The Washington DC office of the Heartland Institute think tank yesterday [Mar.13] hosted a major symposium on “onshoring” catastrophe reinsurance reserves now held in off-shore business domiciles including Bermuda.
The Illinois-based Heartland Institute has been part of ongoing efforts to transform the District of Columbia into “Bermuda On The Potomac” — an onshore domicile for leading American re/insurers.
“In the past decade, tornadoes, hurricanes, floods, wildfires, and other major natural disasters have done record amounts of damage in all regions of the country,” said the Heartland Institute in a statement issued this week. “To assure they can pay claims following these disasters, insurers and reinsurers must maintain ‘catastrophe reserves’.”
“Because of the way US law treats these reserves, nearly all of them are currently located in offshore jurisdictions like Bermuda, the United Kingdom, Switzerland and Germany.”
The District of Columbia’s Congresswoman Eleanor Holmes Norton has proposed a bill that would encourage companies to keep these reserves in Washington, transforming the US capital into what’s been described as “Bermuda on the Potomac.”
The Heartland Institute has in the past consulted for both the Association of Bermuda Insurers and Reinsurers [ABIR] and a subsidiary of Hamilton-based Renaissance Re.
Panellists at yesterday’s symposium were:
- Rep. Eleanor Holmes Norton (Democrat,DC)
- Rep. David Rivera (Republican, Florida)
- Lawrence Mirel, Former Commissioner of Insurance, Securities and Banking, District of Columbia
- Matt Wulf, Vice President, State Relations, Reinsurance Association of America
- Eli Lehrer, Vice President, The Heartland Institute
Rep. Norton’s legislation would see the District of Columbia become a domestic tax haven for if her recently proposed legislation is passed by the US Congress.
The bill would designate the US capital as a special jurisdiction where reserves and related investments from insurers and reinsurers could be set aside free of federal taxes.
A rough year in the United States for natural catastrophes makes the District of Columbia National Disaster Insurance Protection Act particularly timely, Rep. Norton said in a statement when she introduced the legislation last October.
“Retaining funds here in the US would fuel both the local and US economies, would provide the protection of US laws for individuals and businesses with property and casualty insurance and would protect US taxpayers, who would otherwise likely have to pick up the tab if there were a failure in reserve fund availability,” she said.
Congress’ ultimate control of district affairs is usually a sore point for local officials. However, in this case, it could bring a new advantage, said Lawrence Mirel, a former commissioner of the district’s Department of Insurance, Securities & Banking who worked on the legislation.
The bill requires companies with reserves held in the district to maintain a physical office. The district government could also impose an excise fee — as non-US jurisdictions do.
“The best way to look at it is to look at what it did for Bermuda,” said Mr. Mirel, a lawyer with Wiley Rein LLP.
Limiting the tax deductibility of reinsurance premiums paid by US-based, foreign-owned insurers to non-US-based affiliates has been a recurrent issue in Washington.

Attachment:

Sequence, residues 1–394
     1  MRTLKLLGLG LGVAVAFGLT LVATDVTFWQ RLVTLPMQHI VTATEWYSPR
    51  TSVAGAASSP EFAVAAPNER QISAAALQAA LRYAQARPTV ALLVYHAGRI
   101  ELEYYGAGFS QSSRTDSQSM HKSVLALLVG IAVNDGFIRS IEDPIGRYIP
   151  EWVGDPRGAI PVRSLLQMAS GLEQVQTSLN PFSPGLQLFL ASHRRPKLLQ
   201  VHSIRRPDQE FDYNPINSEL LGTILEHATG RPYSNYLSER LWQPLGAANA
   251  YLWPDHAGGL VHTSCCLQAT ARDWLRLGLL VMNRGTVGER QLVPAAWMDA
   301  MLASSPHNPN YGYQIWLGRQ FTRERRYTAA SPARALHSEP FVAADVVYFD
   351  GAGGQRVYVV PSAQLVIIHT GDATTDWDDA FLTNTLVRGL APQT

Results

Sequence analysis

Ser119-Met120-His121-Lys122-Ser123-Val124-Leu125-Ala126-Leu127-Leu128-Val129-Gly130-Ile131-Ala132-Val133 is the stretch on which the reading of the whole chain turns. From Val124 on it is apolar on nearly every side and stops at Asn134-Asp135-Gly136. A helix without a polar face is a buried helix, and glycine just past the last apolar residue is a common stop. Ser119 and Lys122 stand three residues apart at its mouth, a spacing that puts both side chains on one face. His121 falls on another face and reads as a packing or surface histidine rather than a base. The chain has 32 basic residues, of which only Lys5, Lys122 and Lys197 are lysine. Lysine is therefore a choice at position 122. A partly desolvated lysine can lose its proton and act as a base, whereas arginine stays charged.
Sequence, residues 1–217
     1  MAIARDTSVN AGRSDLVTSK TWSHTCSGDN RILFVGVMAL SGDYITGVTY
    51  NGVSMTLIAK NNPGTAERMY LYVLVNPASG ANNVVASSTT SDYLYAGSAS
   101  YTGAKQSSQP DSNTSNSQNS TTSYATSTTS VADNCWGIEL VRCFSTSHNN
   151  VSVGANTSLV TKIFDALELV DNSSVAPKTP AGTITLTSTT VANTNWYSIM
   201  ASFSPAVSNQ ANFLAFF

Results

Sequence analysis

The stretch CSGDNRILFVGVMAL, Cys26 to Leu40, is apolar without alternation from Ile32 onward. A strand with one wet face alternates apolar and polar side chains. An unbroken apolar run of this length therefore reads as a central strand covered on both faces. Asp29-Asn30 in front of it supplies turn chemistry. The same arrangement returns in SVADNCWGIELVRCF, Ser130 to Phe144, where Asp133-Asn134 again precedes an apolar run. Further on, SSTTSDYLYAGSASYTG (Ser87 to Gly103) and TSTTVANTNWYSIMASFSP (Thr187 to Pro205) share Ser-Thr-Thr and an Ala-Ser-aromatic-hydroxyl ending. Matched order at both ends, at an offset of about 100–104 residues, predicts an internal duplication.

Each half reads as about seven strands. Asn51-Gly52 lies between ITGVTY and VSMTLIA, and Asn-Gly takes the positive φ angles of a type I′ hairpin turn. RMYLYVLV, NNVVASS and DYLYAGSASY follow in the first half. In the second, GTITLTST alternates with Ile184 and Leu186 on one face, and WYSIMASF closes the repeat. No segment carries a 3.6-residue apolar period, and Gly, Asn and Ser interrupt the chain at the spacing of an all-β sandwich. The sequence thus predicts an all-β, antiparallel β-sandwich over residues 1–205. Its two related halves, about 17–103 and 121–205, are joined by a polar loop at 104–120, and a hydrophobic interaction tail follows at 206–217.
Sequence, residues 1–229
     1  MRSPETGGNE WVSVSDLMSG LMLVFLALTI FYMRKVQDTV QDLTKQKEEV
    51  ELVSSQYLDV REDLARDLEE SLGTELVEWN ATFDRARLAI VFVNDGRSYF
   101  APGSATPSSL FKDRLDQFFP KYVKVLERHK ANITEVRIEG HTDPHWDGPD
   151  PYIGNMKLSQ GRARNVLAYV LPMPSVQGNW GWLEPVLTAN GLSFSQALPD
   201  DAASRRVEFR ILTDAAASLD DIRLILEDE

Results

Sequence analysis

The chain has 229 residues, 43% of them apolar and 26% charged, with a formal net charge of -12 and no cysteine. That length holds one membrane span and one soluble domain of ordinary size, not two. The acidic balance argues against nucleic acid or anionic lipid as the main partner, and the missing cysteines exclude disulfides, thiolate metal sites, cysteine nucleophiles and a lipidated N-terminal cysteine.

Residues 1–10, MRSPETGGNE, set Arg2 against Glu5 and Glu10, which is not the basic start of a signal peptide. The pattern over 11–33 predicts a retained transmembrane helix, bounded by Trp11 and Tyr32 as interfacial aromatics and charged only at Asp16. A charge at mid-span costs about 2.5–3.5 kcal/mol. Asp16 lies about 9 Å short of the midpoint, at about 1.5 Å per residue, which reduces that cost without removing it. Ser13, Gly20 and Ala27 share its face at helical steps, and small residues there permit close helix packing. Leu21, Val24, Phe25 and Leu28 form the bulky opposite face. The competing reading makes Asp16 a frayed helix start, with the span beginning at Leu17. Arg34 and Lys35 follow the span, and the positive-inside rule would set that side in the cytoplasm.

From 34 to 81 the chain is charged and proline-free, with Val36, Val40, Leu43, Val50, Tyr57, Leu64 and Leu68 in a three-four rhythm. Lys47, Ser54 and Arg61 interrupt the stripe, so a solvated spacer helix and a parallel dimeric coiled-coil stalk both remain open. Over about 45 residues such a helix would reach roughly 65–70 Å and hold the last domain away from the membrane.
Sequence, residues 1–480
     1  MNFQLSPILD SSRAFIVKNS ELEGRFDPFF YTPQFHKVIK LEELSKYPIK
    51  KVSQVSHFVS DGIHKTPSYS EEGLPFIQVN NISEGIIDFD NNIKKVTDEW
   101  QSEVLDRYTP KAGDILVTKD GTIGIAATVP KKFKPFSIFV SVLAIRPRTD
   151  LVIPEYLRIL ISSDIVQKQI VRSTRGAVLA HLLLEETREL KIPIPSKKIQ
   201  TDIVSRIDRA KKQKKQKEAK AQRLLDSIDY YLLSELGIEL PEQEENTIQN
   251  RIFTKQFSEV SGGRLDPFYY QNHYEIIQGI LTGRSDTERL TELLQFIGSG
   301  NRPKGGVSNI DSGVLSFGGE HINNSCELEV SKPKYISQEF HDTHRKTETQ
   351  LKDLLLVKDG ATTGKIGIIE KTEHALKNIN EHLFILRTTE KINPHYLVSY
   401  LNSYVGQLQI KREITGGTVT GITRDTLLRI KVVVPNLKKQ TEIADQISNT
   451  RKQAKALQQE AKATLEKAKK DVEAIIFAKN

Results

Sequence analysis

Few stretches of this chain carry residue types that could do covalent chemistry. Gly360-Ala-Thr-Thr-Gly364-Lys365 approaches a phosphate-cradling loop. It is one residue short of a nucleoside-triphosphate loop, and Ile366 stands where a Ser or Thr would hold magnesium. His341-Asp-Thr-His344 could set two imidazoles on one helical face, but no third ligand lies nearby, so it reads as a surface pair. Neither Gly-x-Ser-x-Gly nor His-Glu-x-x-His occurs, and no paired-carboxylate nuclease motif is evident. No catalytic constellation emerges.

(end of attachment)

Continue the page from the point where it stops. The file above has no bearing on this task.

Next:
Proposals to address what many see as a tax disparity that benefits non-US-owned companies, many of them based in Bermuda, has resurfaced recently in both a bill introduced by Massachusetts Congressman Richard Neal and in Obama administration budget proposal.
The Norton measure is a welcome fresh take, said R.J. Lehmann, deputy director of the Heartland Institute’s Centre on Finance, Insurance, and Real Estate.
“While further investigation is warranted into how the DC catastrophe reserve accounts would interact with the tax code, with state and international regulation and with accounting rules, we think this approach offers great promise for fostering a property insurance system that is both affordable and risk-based,” Mr. Lehmann said.
While Rep. Norton is the ranking Democrat on the House Subcommittee on Economic Development, Public Buildings, and Emergency Management, she is a nonvoting member of the minority party. She introduced a similar and unsuccessful measure in 2010.
Given the prevalence of catastrophes in 2011, however, Mr. Mirel is optimistic the new bill will attract Republican support. “We can’t do this with just her. We need to attract some other lawmakers,” he said.
In 2010 Washington DC’s chief financial officer Natwar Gandhi first proposed transforming the perpetually cash-strapped American capital into an on-shore business domicile — saying the city had the potential to become “Bermuda on the Potomac.”
“Natwar Gandhi [suggests bringing] in dollars from rich corporations, namely banks and insurance companies who currently park millions of dollars abroad in island tax havens,” reported “Washington Herald” columnist Herbert Jaffe last year. “Gandhi wants to change federal tax laws and make DC ‘Bermuda on the Potomac’.
“Sounds reasonable. ‘The financial centre of the country is in Washington now’, Gandhi tells me. ‘All the trading can be done in New York, but the decisions are made here’ …”
“So why not make the capital into an on-shore tax haven, asked Mr. Jaffe? Why not lure all of those Bermuda-based insurance companies and their millions back on-shore by turning the District of Columbia into a corporate-friendly zone?
“Having no vote in the House or the Senate, DC is at the mercy of our suburban neighbours,” he said by way of answering his own question.
“Every time DC floats a tax haven idea, politicians from Maryland and Virginia see it as giving the central city a competitive advantage. ‘It’s an idea we have explored in the past’, council finance chair Jack Evans says. “Maybe it’s time to do it again. I’m all for it’.”